Here is the text of the Glik ruling:
For those of you pushing the propaganda that filming police is "wiretapping", that is bogus too:
Here is another story of a woman who was acquitted of 'eavesdropping' after she filmed cops in Chicago:
I have a lot of experience in filming police. I never intended to go looking to purposely get involved in this issue. Far from it. My first experiences of purposely filming police was in 2000 when I had a show at a radio station in Hollywood. I recorded corrupt police after they started the so-called "Lakers riot" in Los Angeles at the Staples center in June 2000. I then filmed officers at the 2000 Democratic convention in Los Angeles in August. I saw the LAPD cops infringe on the rights of many protesters. In 2003, the day after I was interviewed on KNBC TV Los Angeles news protesting Arnold Schwarzenegger, cops stopped me on the street and I filmed them. They tried to question me from going near the hotel when George W. Bush was speaking, and they asked what words were on my sign (a patently illegal violation of the 1st Ammendment).
But my recent interaction with filming cops, and insisting on asserting that right, began on Tuesday, July 8th 2008 at 3 in the afternoon.
That video is here:
Cops Don't Like Being Filmed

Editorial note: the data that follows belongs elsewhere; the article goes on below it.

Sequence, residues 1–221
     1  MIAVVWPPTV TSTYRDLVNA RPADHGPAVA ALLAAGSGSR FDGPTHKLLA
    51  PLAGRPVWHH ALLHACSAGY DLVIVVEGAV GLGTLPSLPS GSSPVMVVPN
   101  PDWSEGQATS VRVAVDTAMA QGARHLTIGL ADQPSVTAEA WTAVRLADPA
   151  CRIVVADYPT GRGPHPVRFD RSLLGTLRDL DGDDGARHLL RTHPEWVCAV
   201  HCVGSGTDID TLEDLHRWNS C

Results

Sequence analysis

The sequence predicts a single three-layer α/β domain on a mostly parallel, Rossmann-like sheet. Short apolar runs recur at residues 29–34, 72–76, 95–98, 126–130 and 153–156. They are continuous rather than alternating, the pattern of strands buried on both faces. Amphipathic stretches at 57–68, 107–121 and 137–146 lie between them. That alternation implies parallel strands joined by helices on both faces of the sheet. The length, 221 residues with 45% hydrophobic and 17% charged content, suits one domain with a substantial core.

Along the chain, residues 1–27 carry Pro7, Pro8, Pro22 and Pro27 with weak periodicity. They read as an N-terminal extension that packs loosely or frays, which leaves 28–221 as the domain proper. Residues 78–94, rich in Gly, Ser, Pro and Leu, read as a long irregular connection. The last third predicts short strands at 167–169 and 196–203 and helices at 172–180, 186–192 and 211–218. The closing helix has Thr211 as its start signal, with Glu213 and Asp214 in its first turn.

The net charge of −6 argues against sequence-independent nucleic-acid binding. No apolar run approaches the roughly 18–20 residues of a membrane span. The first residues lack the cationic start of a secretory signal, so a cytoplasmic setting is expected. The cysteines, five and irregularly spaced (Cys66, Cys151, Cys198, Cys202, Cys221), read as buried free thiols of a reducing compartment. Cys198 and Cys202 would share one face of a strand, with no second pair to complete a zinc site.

Uploaded on Sep 26, 2008
18,446 views [as of 2/25/12]
21 likes, 14 dislikes
Driving into a local shoping center one day, I turned the corner just in time to see a uniformed cop push down what looked like a young teenaged kid to the ground; so I got out my digital camera and started filming. Several detectives were milling around the scene and eventually saw me filming; one of them then came over to my car and suggested I get out and come closer. Sensing some sort of setup, (it's certainly not normal procedure for cops to invite strangers into interigation of suspects) I refused, and he remarked how my "car windows are so filthy I don't think you can see out". Sensing an unstable KOOK, I asked the kook cop his name and he refused to tell me, which is illegal. He then asked me my name, and I replied "none of your business". He then walked around to the front of my car, marked down my license plate and went back to his cop friends. I filed an official complaint which spawned an internal affairs investigation of both the kook cop and the other uniformed officer who pushed the person down. both of them coincidentally(?) had shaved heads. Click the link to the right to see the video of my interview with internal affairs regarding this incident and complaint. -- See text of full official complaint here: Formal Complaint Filed Against W. Covina Cop for Civil Rights Violations (Cop pushes kid) .
After I filed the formal complaint, the police as part of their investigation asked me to speak with their internal affairs officers; Here is that interview:
Police Internal Affairs Interview Part 1 / 5
Uploaded on Sep 26, 2008
Uploaded by freedommv1 on Sep 26, 2008